Biochemistry, Department of
Functional Characterization of a Higher Plant Sphingolipid Δ4-Desaturase: Defining the Role of Sphingosine and Sphingosine-1-Phosphate in Arabidopsis
Date of this Version
Plant Physiology (January 2009) 149: 487–498
The role of Δ4-unsaturated sphingolipid long-chain bases such as sphingosine was investigated in Arabidopsis (Arabidopsis thaliana). Identification and functional characterization of the sole Arabidopsis ortholog of the sphingolipid Δ4-desaturase was achieved by heterologous expression in Pichia pastoris. A P. pastoris mutant disrupted in the endogenous sphingolipid Δ4-desaturase gene was unable to synthesize glucosylceramides. Synthesis of glucosylceramides was restored by the expression of Arabidopsis gene At4g04930, and these sphingolipids were shown to contain Δ4-unsaturated long-chain bases, confirming that this open reading frame encodes the sphingolipid Δ4-desaturase. At4g04930 has a very restricted expression pattern, transcripts only being detected in pollen and floral tissues. Arabidopsis insertion mutants disrupted in the sphingolipid Δ4-desaturase At4g04930 were isolated and found to be phenotypically normal. Sphingolipidomic profiling of a T-DNA insertion mutant indicated the absence of Δ4-unsaturated sphingolipids in floral tissue, also resulting in the reduced accumulation of glucosylceramides. No difference in the response to drought or water loss was observed between wild-type plants and insertion mutants disrupted in the sphingolipid Δ4-desaturase At4g04930, nor was any difference observed in stomatal closure after treatment with abscisic acid. No differences in pollen viability between wild-type plants and insertion mutants were detected. Based on these observations, it seems unlikely that Δ4-unsaturated sphingolipids and their metabolites such as sphingosine-1-phosphate play a significant role in Arabidopsis growth and development. However, Δ4-unsaturated ceramides may play a previously unrecognized role in the channeling of substrates for the synthesis of glucosylceramides.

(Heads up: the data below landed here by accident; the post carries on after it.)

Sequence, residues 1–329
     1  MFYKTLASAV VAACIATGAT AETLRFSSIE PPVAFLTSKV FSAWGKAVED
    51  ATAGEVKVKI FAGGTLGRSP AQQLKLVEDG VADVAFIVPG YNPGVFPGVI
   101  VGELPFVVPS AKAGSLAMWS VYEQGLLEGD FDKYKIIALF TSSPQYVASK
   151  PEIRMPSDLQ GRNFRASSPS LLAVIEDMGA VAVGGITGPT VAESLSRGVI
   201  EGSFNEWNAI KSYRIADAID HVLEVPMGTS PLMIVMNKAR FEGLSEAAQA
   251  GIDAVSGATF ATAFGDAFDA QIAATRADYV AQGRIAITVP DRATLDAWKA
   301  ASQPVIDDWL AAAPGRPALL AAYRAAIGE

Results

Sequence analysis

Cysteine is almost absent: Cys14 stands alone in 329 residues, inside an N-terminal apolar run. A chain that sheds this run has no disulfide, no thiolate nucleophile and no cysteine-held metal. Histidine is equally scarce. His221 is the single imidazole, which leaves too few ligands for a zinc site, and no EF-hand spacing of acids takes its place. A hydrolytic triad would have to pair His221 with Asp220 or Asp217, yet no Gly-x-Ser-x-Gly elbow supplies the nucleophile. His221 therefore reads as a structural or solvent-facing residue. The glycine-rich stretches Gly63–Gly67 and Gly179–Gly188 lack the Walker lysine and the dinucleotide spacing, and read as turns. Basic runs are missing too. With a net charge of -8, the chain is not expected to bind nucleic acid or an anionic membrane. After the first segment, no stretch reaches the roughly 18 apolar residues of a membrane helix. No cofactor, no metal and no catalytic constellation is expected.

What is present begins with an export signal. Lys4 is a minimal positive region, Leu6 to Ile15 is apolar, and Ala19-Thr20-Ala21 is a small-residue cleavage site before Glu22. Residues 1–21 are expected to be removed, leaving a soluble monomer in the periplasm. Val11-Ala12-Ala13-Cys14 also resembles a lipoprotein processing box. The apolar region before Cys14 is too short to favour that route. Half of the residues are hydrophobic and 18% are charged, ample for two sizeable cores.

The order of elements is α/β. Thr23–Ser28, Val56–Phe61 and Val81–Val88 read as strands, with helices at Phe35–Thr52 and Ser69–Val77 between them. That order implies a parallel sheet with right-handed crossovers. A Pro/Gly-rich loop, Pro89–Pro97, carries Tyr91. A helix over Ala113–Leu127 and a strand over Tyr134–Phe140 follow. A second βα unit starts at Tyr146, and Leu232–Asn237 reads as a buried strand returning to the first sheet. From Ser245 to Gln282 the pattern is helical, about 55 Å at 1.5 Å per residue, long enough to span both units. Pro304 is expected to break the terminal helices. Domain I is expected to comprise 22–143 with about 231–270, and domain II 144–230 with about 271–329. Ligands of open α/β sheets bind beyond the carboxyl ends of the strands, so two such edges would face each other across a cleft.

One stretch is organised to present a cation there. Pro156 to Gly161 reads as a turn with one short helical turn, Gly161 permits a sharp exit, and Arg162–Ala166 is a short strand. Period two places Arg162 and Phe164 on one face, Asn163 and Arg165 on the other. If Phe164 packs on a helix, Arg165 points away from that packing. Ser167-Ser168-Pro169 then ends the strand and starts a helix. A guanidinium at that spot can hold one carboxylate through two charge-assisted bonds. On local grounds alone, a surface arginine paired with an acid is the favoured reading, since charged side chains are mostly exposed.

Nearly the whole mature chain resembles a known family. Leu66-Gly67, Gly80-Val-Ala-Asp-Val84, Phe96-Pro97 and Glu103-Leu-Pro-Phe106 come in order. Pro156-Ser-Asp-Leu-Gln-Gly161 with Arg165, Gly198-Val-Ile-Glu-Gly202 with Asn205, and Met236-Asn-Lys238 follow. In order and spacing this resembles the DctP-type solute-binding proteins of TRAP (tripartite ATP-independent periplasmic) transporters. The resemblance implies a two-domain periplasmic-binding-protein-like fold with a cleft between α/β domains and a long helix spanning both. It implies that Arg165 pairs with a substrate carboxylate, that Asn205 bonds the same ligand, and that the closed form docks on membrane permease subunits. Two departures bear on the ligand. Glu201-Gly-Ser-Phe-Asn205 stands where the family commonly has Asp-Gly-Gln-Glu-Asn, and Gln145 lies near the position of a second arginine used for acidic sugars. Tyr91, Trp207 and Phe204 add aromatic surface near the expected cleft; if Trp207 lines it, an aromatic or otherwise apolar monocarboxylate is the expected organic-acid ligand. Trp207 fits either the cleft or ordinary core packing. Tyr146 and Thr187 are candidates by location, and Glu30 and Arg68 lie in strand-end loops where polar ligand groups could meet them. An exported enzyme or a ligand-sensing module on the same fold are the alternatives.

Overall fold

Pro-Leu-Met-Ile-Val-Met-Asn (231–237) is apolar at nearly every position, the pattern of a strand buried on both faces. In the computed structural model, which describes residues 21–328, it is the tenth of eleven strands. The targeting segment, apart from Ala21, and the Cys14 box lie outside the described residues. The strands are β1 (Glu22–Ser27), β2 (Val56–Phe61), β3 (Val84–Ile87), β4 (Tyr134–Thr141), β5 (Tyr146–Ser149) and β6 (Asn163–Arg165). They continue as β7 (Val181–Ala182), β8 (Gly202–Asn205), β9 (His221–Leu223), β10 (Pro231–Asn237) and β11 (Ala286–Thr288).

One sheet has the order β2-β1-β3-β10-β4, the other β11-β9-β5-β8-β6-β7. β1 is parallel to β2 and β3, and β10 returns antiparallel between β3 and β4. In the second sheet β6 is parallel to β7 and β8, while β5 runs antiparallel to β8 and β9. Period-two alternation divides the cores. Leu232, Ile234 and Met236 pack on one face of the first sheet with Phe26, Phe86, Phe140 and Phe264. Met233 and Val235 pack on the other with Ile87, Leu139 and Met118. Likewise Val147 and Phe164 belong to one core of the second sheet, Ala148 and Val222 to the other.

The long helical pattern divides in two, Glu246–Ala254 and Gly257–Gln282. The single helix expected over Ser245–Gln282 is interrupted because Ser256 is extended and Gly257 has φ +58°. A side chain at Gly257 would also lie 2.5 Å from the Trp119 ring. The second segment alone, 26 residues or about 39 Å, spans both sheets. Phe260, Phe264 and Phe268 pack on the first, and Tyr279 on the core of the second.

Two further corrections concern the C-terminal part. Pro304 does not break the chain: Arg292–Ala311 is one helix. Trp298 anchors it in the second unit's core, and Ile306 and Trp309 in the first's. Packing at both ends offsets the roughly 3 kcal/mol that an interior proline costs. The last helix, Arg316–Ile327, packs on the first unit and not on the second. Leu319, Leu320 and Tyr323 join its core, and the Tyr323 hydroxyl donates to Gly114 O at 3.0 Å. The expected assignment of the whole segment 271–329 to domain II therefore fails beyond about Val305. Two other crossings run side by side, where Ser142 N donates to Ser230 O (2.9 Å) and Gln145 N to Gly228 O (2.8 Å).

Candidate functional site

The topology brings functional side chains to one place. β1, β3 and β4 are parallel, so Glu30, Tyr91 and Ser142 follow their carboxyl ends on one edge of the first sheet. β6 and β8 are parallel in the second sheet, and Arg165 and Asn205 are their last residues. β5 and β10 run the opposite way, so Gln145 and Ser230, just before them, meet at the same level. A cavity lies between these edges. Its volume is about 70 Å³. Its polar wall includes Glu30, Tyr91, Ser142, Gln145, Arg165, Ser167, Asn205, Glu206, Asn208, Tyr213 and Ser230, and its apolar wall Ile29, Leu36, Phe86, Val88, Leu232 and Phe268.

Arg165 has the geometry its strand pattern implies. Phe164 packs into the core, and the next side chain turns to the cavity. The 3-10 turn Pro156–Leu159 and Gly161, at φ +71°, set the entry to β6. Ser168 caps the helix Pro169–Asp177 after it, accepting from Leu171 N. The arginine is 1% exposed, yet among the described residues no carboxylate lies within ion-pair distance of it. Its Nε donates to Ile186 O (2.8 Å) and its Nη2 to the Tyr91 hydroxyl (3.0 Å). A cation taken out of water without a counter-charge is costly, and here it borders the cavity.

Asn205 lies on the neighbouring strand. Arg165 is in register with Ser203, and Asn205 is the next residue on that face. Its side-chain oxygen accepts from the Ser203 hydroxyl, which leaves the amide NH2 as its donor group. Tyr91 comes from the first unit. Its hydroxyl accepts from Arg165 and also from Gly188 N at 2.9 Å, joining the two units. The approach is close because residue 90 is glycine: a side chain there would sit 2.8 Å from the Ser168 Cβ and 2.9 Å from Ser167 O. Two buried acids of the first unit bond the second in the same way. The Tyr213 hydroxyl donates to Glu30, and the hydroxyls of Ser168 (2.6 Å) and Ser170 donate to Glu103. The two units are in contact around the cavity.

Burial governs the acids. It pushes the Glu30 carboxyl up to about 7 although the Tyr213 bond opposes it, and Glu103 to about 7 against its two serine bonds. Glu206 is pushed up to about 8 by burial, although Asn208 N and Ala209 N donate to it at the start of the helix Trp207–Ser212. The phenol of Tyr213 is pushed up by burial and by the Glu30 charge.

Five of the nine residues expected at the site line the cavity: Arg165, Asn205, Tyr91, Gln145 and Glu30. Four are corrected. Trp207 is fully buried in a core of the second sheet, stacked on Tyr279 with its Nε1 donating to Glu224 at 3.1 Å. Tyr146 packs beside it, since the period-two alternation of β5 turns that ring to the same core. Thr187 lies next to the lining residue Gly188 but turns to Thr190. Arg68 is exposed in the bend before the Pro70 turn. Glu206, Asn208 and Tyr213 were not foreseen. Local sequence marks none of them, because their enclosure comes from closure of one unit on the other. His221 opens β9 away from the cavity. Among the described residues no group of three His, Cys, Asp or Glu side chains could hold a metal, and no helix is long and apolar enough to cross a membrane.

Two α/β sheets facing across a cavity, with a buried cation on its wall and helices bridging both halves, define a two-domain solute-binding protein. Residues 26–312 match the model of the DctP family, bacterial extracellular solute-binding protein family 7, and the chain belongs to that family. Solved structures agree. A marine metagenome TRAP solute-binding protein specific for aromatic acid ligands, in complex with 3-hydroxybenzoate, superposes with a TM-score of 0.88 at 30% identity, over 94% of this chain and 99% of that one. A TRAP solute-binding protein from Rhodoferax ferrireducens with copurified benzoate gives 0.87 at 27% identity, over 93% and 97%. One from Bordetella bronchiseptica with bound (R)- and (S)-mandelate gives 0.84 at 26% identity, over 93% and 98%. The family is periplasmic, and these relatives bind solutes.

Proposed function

Copyright 2008, American Society of Plant Biologists. Used by permission.